Accepted answer

You can access the inner text via this.props.children and you can pass properties either manually (via this.props) or using ... operator. More of this is described in react.js documentation (note - not React Native docs!). The most relevant parts of the documentation are:

It's general approach of React Native documentation that rather than describing all react concepts, they described only the React Native parts and the actual concept is described in the web/original version of React.


For me I'd just put the children inside the component and call it a day. Also keep in mind sometimes there's different implementations between iOS and Android. Here's something I just wrote and briefly tested

import React, { FunctionComponent } from "react";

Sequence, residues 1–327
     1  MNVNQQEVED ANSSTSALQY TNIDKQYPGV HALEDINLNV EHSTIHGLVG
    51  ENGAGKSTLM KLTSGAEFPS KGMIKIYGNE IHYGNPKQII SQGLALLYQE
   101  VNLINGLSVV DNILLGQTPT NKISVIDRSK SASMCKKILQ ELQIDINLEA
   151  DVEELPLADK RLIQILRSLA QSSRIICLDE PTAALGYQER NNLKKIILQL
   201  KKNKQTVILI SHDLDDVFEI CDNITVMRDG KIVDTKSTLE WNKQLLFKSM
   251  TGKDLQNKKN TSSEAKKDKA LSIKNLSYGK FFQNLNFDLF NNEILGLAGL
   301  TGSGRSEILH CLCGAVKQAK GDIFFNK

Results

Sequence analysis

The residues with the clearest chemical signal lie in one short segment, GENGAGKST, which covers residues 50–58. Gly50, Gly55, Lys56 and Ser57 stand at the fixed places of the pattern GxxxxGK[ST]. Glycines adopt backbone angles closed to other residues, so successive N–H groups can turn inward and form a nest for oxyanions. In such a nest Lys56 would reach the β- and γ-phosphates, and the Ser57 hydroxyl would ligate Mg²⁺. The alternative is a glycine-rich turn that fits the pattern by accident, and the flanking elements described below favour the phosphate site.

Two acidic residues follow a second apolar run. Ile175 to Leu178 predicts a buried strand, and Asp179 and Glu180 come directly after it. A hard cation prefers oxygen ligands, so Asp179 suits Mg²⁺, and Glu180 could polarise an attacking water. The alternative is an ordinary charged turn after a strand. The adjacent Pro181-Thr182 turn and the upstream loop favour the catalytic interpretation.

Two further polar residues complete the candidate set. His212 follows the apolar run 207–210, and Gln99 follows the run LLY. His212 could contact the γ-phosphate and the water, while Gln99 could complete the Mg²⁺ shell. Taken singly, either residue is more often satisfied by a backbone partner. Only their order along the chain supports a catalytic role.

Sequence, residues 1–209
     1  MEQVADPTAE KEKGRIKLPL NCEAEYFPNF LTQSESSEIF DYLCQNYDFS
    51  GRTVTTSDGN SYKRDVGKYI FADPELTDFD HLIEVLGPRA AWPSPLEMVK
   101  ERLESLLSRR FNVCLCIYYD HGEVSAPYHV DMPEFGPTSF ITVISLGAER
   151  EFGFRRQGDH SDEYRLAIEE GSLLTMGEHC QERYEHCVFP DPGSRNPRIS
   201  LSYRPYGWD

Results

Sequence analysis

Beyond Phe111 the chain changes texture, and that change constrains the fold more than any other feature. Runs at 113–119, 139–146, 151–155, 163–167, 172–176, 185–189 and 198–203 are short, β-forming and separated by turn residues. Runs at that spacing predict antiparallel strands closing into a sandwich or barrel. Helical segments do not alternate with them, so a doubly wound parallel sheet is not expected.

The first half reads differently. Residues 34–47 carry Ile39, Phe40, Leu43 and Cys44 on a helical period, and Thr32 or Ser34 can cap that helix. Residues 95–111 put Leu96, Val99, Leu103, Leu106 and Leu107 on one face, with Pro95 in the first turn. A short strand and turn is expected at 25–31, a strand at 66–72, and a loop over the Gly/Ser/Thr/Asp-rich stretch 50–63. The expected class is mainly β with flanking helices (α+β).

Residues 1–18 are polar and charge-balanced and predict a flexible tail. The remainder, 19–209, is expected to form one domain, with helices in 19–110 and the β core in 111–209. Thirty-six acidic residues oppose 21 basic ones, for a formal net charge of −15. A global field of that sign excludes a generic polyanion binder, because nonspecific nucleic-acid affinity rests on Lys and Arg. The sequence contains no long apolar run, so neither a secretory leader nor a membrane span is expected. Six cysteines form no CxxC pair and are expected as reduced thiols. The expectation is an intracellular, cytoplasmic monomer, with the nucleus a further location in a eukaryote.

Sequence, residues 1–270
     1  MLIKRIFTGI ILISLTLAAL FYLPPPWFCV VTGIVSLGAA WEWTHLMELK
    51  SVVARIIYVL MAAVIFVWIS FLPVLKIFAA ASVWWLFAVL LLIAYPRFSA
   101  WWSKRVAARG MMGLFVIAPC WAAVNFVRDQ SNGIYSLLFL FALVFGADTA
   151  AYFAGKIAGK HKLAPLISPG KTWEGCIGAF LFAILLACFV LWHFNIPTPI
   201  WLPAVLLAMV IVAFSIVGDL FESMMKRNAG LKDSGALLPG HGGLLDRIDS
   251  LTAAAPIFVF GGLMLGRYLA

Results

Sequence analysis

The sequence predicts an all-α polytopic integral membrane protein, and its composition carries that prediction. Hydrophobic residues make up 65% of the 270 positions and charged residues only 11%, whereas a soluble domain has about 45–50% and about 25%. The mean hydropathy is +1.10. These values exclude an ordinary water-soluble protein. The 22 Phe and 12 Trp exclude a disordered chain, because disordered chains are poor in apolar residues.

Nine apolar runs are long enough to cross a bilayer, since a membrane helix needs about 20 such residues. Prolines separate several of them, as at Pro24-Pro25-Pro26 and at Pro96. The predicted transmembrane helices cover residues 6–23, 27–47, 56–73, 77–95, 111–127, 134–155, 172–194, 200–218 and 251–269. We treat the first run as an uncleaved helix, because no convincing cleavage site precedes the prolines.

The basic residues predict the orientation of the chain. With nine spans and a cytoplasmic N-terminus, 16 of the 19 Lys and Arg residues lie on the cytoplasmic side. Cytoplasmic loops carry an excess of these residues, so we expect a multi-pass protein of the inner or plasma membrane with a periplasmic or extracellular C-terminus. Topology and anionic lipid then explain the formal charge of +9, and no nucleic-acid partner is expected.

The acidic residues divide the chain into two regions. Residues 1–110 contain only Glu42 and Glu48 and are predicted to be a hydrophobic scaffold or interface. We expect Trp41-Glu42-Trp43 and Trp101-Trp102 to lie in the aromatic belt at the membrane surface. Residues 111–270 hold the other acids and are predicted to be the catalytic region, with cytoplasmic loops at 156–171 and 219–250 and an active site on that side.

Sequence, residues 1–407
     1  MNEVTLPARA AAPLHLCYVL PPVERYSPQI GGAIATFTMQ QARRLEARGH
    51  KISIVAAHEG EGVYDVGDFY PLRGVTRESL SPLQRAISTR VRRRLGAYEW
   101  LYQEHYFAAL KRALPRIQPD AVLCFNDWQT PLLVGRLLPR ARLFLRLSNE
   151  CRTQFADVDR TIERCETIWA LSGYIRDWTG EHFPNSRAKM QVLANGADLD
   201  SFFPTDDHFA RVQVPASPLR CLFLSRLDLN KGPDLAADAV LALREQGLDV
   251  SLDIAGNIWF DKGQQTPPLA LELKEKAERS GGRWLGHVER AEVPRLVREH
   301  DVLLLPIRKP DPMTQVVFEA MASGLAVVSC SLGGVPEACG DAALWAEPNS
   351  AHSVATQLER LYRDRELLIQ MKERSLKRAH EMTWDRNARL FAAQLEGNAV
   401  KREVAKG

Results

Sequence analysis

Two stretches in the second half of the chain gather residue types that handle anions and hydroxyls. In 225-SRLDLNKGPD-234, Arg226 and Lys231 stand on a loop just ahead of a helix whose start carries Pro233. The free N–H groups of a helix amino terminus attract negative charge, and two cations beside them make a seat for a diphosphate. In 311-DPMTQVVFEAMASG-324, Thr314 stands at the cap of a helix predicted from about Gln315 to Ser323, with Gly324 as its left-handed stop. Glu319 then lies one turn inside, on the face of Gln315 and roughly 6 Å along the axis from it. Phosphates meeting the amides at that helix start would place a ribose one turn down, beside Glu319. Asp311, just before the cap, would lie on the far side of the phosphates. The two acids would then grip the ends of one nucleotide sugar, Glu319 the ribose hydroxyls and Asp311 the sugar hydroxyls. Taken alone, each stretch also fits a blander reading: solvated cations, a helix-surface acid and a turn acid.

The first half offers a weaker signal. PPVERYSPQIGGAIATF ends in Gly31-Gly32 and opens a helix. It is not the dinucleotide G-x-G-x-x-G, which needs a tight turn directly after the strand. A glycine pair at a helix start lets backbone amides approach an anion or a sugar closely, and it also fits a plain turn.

import { TouchableNativeFeedback, Platform, TouchableOpacity } from "react-native";

interface IAgnoButton {
    onPress: (item: any) => void,
    style: object

const AgnoButton: FunctionComponent<IAgnoButton> = (props) => {
    return (
        Platform.OS === 'android' ?
                style={{ }}
                { props.children }
            </TouchableNativeFeedback> :
                style={{ }}
                { props.children }
export default AgnoButton;


you can checkout this repo from github:

some code here:

<View style={[styles.tabbarView,, this.state.keyboardUp && styles.hidden]}>
    <TouchableOpacity key={ + "touch"}
        style={[styles.iconView, this.props.iconStyle, ( || el.key) == selected ? this.props.selectedIconStyle || el.props.selectedIconStyle || {} : {} ]}
        onPress={()=>!self.props.locked && self.onSelect(el)}
            {selected == ( || el.key) ? React.cloneElement(el, {selected: true, style: [, this.props.selectedStyle, el.props.selectedStyle]}) : el}
)} is the key to deal with children components.

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